Dambuster Triathlon. The last of the qualification races for the September World Championships in Chicago. Probably my only chance taking into account how average my Nottingham attempt was. Given the importance of the event, I needed to make sure I was well prepared and that all the knowns were controlled, leaving plenty of time to think about, and deal with, the unknowns.
However, planning for this event had been at best poor, and at worst, seriously negligent. My long struggle with an incompatible deep rim wheel and hub had miraculously failed to fix itself, and despite having new time trial bike to test out this weekend, I had not managed to get the bike shop to sort it out. In fact, the bike shop staff had only presented new issues. What brake pads were to be used with my wheel? What size Alan key do you need to get them out? Why do none of my THREE Alan keys have the required size? F*** it. Let’s just stick everything on and wing it. Changing gear or braking is unnecessary.
Having made peace with this idea or more accurately, the consequences, I then ‘worked’ from home on Friday in order to fully rest up before the event. This was only interrupted by a moment of blind panic at 1657 when I realised I actually hadn’t registered my intention to qualify with British Triathlon, the deadline being 1700. Some fast computer work and a 4G internet connection thankfully meant I managed to enter on time.
Saturday itself began badly. The race was to start at 0700, which is much earlier than strictly necessary. This meant the alarm was set for 0430. Lovely. We broke our fast, and prepared to leave. Holly was the designated driver for the trip to Rutland Water and she was keen to get on the road. I however, had lost my wallet. Knowing full well that written in block capitals across all race instructions to every triathlon ever entered were the words:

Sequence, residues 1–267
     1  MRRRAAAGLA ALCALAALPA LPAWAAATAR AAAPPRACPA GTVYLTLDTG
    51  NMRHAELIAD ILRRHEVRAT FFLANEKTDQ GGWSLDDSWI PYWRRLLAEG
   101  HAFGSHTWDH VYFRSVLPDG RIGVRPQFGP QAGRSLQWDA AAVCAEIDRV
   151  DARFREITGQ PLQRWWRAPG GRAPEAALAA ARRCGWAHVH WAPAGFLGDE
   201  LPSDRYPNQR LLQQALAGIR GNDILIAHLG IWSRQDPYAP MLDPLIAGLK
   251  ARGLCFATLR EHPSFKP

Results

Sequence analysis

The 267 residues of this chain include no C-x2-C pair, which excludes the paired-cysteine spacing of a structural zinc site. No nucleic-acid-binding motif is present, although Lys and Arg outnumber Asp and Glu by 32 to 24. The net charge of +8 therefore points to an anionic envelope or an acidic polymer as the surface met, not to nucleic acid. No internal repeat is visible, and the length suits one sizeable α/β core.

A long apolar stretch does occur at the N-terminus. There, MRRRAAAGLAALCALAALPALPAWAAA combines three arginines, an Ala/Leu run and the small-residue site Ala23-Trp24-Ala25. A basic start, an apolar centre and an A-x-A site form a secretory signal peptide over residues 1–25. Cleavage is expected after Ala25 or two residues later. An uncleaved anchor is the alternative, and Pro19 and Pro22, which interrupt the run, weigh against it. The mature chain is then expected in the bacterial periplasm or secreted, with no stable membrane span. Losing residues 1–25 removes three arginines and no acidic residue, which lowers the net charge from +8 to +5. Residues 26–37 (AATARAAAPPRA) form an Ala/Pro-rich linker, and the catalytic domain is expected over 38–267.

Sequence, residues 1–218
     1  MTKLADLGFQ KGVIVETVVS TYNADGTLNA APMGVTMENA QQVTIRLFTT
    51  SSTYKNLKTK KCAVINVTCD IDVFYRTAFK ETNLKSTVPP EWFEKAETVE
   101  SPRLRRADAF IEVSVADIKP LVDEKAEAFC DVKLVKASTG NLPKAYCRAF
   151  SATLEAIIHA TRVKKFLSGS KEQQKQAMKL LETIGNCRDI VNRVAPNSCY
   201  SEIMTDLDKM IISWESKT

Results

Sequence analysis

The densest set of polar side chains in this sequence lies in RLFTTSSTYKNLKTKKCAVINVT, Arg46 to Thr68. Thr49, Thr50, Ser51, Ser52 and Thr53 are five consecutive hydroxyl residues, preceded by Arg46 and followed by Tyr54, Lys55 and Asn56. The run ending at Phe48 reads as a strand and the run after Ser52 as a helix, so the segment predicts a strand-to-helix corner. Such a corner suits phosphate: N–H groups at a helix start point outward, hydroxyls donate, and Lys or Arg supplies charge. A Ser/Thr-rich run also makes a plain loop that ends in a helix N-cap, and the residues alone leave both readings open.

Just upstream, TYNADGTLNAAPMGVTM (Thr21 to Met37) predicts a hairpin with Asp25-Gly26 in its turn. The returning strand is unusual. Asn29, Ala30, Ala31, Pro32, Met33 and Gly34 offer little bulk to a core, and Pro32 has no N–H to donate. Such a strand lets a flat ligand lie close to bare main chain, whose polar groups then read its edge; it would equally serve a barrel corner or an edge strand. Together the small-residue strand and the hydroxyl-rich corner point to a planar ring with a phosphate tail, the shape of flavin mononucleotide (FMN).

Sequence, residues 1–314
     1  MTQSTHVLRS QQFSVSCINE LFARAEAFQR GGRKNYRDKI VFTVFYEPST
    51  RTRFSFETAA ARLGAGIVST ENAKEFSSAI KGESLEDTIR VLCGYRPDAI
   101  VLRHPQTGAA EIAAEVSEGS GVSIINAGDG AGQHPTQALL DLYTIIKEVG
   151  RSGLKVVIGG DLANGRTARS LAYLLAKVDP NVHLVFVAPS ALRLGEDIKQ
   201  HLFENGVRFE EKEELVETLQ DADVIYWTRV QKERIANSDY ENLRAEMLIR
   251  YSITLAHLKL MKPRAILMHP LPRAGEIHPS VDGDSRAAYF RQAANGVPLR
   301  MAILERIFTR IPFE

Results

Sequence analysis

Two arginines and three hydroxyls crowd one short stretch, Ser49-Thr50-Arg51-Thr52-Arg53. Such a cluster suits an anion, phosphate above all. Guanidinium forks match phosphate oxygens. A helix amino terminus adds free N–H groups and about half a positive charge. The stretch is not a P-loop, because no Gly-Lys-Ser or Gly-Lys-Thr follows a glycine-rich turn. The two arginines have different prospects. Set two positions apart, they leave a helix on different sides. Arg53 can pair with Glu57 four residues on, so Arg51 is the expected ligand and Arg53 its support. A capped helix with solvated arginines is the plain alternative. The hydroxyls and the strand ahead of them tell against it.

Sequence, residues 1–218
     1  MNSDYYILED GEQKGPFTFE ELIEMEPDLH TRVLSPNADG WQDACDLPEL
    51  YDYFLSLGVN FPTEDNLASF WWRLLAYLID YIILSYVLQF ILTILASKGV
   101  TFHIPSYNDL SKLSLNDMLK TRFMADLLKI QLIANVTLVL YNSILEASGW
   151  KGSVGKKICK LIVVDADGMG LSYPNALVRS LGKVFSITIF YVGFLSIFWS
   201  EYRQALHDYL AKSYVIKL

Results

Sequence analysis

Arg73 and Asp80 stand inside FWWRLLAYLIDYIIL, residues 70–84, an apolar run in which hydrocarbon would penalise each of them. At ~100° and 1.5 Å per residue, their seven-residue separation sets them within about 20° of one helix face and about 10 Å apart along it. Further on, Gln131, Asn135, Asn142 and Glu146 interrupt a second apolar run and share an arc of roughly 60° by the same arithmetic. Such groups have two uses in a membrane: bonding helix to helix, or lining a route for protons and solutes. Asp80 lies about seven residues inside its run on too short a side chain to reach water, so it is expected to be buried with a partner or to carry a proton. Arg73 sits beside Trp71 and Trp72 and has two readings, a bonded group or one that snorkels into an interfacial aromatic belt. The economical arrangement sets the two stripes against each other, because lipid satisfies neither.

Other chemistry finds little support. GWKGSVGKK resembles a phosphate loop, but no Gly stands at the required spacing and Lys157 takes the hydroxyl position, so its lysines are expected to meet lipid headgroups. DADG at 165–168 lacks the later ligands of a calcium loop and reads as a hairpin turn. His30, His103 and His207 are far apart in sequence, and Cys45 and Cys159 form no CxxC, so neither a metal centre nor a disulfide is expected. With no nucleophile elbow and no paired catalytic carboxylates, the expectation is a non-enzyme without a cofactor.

NO PHOTO ID = NO RACE
I realised the severity of the issue. We turned the house upside down, but to no avail. We were now seriously past the absolute latest we could leave in order to make it on time by driving legally. I remembered I had a picture of my passport on my phone, and deciding that I’d have to chance it with that, we drove north at breakneck speed.
Except we didn’t. My poor navigation and panicked state meant I gave the incorrect directions and we drove for 5 minutes in a southerly direction. We stopped, turned round, and, with some choice words, drove in the correct direction. Holly was now gripping the steering wheel with an intensity that I have rarely seen, eyes narrowed and concentrating fiercely, lips pursed. I checked Google Maps. Our arrival time was estimated at 0639. I checked the race instructions. Registration closes at 0630. I informed Holly of the situation. She didn’t flinch, instead pressing the accelerator harder into the floor. Our speed increased dramatically.